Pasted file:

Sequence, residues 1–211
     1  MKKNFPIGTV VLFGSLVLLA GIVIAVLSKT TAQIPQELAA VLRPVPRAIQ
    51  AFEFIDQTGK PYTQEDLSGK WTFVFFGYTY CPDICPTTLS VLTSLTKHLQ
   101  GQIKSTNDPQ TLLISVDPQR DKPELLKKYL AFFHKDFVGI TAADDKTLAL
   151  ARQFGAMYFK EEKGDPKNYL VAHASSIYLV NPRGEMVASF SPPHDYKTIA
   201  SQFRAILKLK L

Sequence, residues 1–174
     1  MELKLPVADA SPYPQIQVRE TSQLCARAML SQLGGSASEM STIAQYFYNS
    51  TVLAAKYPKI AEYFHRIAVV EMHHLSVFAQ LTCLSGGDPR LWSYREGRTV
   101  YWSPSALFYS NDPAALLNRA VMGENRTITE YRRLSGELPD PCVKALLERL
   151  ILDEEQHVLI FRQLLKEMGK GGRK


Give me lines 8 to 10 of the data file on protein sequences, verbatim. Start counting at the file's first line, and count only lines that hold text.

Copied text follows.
     1  MELKLPVADA SPYPQIQVRE TSQLCARAML SQLGGSASEM STIAQYFYNS
    51  TVLAAKYPKI AEYFHRIAVV EMHHLSVFAQ LTCLSGGDPR LWSYREGRTV
   101  YWSPSALFYS NDPAALLNRA VMGENRTITE YRRLSGELPD PCVKALLERL